Full List: January Concert Guide

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December 18, 2011|Andy Downing, For RedEye

Chicago's concert season slows to a crawl with January's plummeting temperatures. Still, there are a number of shows worth braving the elements to see, including visits from a rowdy Southern rock crew (Drive-By Truckers), one versatile troubadour (Alejandro Escovedo) and a slew of local bands (White Mystery, Rise Against, Mucca Pazza) sure to get the blood pumping in even the coldest bodies.

Milano
January 6 at Beat Kitchen
Milano frontman Jonathan Guerra said the local crew's diverse sound is driven in large part by his scattered brain. "This gypsy rock-slash-electronic sound we've arrived at could just be due to my own musical bipolar-ness," he said. "I tend to be all over the place."

Vulgar Boatmen
January 7 at Schubas
The 2010 documentary "Drive Somewhere: The Saga of the Vulgar Boatmen" depicted what was intended to be the final show in the roots-pop crew's winding, three-decade-plus career. Fortunately for all the group has soldiered on, but catch the crew here before it hangs it up for good.

Wu-Tang Clan
January 8 at Congress Theater
The Staten Island collective has evolved into the hip-hop Rolling Stones, churning out by-the-number sets filled with greatest hits rather than challenging itself or its audience.

Plants and Animals
January 12 at Schubas
The Montreal roots-rock crew is at best when it slows the pace and lets it's loosely psychedelic songs build steam gradually.

Tycho
January 12 at Lincoln Hall
On "Dive," Scott Hansen's second release under the Tycho banner, the electronic producer layers warm synths and chirping electronic textures to craft a lush spring meadow of digital sounds.

Theophilus London
January 13 at Lincoln Hall
The Brooklyn rapper's debut, "Timez Are Weird These Days," is as out-there as its title suggests, blending hip-hop, new wave and classic rock.

Led Zeppelin 2
January 13 and 14 at House of Blues
Since it seems less and less likely we'll ever see Jimmy Page and Robert Plant sharing the stage under the Led Zeppelin banner, this local crew, led by Yakuza howler/Plant stand-in Bruce Lamont, remains the next best thing.

Com Truise
January 14 at Schubas
Seth Haley, the mastermind behind the ridiculously named Com Truise, turns out more textures than actual songs on "Galactic Melt," an album of atmospheric synth-wave tracks that could double as the score to a sci-fi film.

Alejandro Escovedo
January 14 at Old Town School of Folk Music
The Texas-born singer-songwriter is equally adept at heart-stopping ballads ("Sister Lost Soul") and menacing alt-country rockers ("Everybody Loves Me").

Chairlift
January 14 at Schubas
Though pared down to a duo for the forthcoming "Something," synth-poppers Chairlift somehow sound even bigger, plundering 80s new wave and pumping it to stadium-level volume on cuts like "Met Before."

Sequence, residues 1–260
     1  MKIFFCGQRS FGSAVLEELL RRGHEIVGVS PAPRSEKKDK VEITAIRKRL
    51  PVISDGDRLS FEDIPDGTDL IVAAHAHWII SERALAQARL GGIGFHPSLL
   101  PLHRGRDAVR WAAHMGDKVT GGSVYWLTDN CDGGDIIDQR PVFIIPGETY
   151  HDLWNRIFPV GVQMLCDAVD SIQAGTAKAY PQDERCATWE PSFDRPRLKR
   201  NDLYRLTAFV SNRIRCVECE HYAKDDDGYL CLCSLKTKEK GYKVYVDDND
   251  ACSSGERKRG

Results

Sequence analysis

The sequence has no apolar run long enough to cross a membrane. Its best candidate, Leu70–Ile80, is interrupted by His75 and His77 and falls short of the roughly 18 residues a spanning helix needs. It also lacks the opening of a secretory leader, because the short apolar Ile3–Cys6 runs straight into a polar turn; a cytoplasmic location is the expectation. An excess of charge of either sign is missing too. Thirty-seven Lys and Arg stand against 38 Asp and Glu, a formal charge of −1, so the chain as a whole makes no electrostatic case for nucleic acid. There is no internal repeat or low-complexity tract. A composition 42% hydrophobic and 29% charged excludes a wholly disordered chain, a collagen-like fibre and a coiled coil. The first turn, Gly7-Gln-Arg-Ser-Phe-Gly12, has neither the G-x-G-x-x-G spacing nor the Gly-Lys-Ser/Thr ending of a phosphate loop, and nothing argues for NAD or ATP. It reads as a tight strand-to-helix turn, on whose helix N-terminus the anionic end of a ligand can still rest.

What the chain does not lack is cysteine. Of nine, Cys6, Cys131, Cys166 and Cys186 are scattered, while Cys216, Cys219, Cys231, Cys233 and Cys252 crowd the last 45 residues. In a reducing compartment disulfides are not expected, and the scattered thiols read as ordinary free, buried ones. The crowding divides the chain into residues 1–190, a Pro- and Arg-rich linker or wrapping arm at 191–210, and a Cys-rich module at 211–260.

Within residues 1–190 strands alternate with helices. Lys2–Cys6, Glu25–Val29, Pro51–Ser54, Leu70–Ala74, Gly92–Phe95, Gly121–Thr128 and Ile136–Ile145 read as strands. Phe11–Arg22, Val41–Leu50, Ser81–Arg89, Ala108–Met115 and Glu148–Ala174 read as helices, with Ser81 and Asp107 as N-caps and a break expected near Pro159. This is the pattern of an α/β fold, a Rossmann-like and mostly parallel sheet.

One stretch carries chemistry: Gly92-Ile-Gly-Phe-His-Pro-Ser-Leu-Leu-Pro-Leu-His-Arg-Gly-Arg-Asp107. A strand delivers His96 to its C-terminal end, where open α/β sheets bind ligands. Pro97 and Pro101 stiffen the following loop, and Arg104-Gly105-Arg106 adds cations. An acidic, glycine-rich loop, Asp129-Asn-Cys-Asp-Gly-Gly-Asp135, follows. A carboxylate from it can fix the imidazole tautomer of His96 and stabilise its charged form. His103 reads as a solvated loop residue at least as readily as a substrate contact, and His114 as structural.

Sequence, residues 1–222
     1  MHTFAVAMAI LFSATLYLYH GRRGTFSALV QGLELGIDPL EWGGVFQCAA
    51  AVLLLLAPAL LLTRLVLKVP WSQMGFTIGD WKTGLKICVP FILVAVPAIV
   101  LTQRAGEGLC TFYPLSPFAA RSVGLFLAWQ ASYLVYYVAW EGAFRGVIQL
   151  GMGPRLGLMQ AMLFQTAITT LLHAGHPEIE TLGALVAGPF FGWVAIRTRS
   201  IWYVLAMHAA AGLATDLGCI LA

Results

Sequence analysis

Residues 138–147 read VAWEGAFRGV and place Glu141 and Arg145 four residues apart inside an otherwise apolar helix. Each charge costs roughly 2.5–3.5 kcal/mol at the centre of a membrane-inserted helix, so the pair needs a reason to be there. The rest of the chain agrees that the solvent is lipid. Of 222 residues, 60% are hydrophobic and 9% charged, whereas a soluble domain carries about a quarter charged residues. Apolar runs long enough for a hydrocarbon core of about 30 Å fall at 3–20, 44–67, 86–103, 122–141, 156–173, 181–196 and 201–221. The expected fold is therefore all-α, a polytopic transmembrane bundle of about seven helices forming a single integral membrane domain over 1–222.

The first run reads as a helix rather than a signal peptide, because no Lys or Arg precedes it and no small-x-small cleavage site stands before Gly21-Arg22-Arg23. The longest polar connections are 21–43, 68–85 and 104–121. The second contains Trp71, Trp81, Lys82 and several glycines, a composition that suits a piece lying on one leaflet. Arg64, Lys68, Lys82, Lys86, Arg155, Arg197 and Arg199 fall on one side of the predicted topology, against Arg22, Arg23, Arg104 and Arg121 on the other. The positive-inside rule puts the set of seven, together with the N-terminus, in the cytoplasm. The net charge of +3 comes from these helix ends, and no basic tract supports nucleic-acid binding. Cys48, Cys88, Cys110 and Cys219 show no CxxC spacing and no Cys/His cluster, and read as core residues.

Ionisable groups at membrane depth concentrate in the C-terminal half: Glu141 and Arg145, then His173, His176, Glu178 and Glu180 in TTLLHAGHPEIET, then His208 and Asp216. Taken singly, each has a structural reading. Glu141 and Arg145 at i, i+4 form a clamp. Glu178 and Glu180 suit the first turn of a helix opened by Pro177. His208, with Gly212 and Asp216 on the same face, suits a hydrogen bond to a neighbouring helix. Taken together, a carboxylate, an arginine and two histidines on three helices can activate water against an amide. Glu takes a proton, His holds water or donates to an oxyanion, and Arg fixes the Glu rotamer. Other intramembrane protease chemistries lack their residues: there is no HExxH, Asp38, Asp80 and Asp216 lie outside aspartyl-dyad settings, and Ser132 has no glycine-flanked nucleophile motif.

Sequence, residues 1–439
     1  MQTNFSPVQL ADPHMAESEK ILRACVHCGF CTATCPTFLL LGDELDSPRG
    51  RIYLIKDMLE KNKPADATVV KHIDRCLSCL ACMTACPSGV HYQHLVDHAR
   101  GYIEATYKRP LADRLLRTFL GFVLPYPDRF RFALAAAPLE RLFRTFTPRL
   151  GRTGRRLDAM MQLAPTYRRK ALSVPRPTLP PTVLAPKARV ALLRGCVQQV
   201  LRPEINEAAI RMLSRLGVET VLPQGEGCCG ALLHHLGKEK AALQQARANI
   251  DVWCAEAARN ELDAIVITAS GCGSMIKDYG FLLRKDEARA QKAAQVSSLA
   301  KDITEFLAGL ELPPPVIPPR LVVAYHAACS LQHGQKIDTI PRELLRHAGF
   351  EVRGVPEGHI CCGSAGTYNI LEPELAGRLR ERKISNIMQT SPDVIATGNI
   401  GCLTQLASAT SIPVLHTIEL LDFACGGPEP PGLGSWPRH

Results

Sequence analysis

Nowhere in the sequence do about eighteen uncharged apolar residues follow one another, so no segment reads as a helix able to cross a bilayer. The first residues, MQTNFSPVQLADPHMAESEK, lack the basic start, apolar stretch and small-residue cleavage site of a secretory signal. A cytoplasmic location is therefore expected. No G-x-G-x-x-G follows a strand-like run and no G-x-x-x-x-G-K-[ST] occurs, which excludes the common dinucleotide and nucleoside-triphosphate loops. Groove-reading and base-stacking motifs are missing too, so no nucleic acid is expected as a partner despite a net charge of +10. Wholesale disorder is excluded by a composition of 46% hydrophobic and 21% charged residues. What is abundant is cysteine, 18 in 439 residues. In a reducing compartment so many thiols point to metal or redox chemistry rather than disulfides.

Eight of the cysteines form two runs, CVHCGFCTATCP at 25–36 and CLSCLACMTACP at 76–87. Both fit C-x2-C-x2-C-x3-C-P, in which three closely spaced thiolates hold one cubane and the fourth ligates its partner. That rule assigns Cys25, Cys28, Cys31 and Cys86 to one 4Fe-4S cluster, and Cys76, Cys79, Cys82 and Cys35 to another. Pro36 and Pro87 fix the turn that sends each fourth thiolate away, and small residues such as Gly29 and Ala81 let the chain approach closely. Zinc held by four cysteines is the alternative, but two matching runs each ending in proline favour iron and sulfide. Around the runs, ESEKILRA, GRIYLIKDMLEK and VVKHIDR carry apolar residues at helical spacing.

Two Gallants
January 14 at Lincoln Hall
Despite only having two members, the San Francisco blues-folk duo can kick up an impressive amount of noise.

The Walkmen
January 14 at Metro
The Walkmen emerged from New York City in the early 2000s sounding as though they were fresh off a street fight. The band's sixth album, "Lisbon," is a much tamer affair by comparison, rich with sweeping string sections and hazy, Southwestern horns.

Grouplove
January 14 at Lincoln Hall
On it's debut album, "Never Trust a Happy Song," this California indie-pop quintet—like the state it originates from—sounds eternally sunny.

White Mystery
January 15 at Schubas
The brother-sister duo churns out garage-rock rumblers as loud and explosive as their dueling red 'fros.

Bryan Adams
January 17 at Chicago Theatre
The raspy Canadian soft-rocker, best known for his 1991 power ballad "(Everything I Do) I Do For You," hasn't strayed much from that formula over the years, filling his songs with cliched pledges of never-ending love.

Akron/Family
January 17 at Hideout
The eclectic art-rock collective, which had grown more accessible in recent years, reaches back to its exploratory roots on 2011's "S/T II: The Cosmic Birth and Journey of Shinju TNT," an album every bit as weird as its title would suggest.

Jimmy Webb
January 20 at Old Town School of Folk Music
The singer-songwriter's concerts are perfect showcases for both his well-crafted tunes and time-honed stories, which he delivers between songs like a relative sharing favored tales over a holiday meal.

The Kills
January 20 at Riviera Theatre
Few bands are as skilled at building tension as this London based garage-rock duo, which delivered a career best in 2011's aptly titled "Blood Pressures."

Martin Sexton
January 20 at Park West
The blue-eyed soul shouter, who honed his craft busking in Boston's Harvard Square, fills his songs with equal amounts of heartache and longing.

Tortoise
January 24 at Empty Bottle
The versatile Chicago crew long ago outgrew the post-rock tag, and its music flirts with everything from jazz to classical to rock to dub.

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